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I have a friend, a brother in Christ, a mentor who often has just the right words for getting me and others to the next right step on our walk with Jesus. With his many nuggets of wisdom, he has inspired and challenged me many times into moving forward towards fulfilling my Godly purpose.

One such phrase that has really moved me is the words, “Train! Don’t try!” When he said it, I didn’t understand it.  When he explained it, I didn’t like it. When I thought about it, I was inspired by the challenge.

It was during our weekly growth group conversations when he used those words for me. We were discussing growth steps in our faith. Particularly, we were discussing reading the bible. More particularly, the lack of reading the bible.

You see, it’s been more than 6 years since I accepted Christ as my savior. I have grown so much from the day I made public my surrender to Jesus. There have been years of obedience to God. Yet, when Ed came to the question, “and do you read the bible every day?”, my response was something like, “It’s hard. I’m not exactly doing it every day, but I’m trying.”

He then countered with, “Train! Don’t try!”

But, I didn’t understand it.

I was confused about what he meant with those words. Then he explained the phrase to me. When we try things, we are bound to fail. Failure is part of the trial and error process. And that is okay when we simply try.

Another problem with trying is that quitting is acceptable as well. We can try for a moment. After just enough trying, we can simply stop without accomplishing anything. We can justify it with a, “Well, at least we gave it a try.”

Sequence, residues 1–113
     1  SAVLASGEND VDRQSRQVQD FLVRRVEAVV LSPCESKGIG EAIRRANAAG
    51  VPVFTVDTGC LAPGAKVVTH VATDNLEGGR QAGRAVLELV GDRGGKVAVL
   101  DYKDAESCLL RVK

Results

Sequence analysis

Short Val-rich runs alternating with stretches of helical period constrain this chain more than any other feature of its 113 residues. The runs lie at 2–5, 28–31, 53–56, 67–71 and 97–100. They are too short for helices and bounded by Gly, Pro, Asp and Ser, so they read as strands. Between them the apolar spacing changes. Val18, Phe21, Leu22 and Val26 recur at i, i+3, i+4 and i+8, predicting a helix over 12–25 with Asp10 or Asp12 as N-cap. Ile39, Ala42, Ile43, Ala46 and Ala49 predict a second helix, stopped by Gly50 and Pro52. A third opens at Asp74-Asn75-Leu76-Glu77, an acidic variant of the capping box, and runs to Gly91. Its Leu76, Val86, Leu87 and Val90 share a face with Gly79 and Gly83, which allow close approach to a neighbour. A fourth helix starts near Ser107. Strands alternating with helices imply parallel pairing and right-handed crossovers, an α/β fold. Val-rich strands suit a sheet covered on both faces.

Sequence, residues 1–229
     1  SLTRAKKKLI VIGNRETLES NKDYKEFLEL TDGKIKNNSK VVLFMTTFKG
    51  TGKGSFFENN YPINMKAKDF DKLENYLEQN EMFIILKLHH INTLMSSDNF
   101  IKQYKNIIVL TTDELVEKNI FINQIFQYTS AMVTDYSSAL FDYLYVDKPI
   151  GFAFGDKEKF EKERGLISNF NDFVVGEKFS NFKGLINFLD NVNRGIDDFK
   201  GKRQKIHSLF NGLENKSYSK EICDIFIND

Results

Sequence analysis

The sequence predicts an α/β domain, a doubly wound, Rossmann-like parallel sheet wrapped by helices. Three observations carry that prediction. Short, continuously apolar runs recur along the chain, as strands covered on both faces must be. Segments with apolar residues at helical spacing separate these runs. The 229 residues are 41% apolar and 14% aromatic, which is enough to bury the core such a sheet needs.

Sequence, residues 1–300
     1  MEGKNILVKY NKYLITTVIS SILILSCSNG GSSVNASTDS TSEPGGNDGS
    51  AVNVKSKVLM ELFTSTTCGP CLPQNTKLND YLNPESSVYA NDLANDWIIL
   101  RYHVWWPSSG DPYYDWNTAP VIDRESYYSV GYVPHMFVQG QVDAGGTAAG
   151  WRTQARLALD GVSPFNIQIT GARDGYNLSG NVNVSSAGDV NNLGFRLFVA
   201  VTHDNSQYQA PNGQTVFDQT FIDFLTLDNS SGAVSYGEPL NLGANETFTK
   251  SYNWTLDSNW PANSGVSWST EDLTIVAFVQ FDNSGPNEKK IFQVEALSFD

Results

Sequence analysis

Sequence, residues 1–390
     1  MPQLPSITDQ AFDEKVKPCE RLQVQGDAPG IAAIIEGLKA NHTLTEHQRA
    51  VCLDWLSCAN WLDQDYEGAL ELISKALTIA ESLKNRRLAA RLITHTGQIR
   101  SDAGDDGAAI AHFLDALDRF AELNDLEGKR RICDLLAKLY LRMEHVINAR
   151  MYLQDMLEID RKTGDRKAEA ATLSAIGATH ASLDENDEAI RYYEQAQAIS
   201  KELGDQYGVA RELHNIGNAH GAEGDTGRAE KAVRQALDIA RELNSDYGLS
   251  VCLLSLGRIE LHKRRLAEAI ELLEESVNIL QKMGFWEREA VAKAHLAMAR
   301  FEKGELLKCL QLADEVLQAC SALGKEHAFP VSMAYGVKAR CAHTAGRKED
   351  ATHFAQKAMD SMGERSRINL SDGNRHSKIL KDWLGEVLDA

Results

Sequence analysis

The end when trying can be signaled by success, failure, or even to stop trying. There is no commitment to any goal.

However, when we train, getting better is the only option. Improvement is the focus. Moving forward is the challenge. The end is triggered only by accomplishing the goal. Sometimes we train for a short period before accomplishing the goal. Sometimes we train a lifetime for what God’s goal may be for our lives. But when we train, we don’t stop until we get there.

So when I understood what he meant, I didn’t like it.

Sure he is a good friend. Sure he said it for my own good. Sure he was trying to encourage my growth as a Christian. But, ouch truth hurts!

The words made me feel like I really wasn’t doing enough. Like I was purposefully setting up myself for failure. Like I was giving myself an excuse to stop trying. I knew my “trying” to read the bible was really at a point where I really wasn’t trying. I didn’t like the phrase, because he was right. I was setting myself up to NOT read the Bible, yet give myself the credit for trying.

Then I thought about it some more and I was challenged by it.

I realized that I had not yet accomplished my goal of reading the bible. But I needed to continue that progress. I needed to move forward to accomplish the goal. I needed to continue down the path. To walk with Jesus. Sure I was not able to read the Bible in a year, as I had tried before. But, I could train for it!

Thanks Ed! I will train, not try!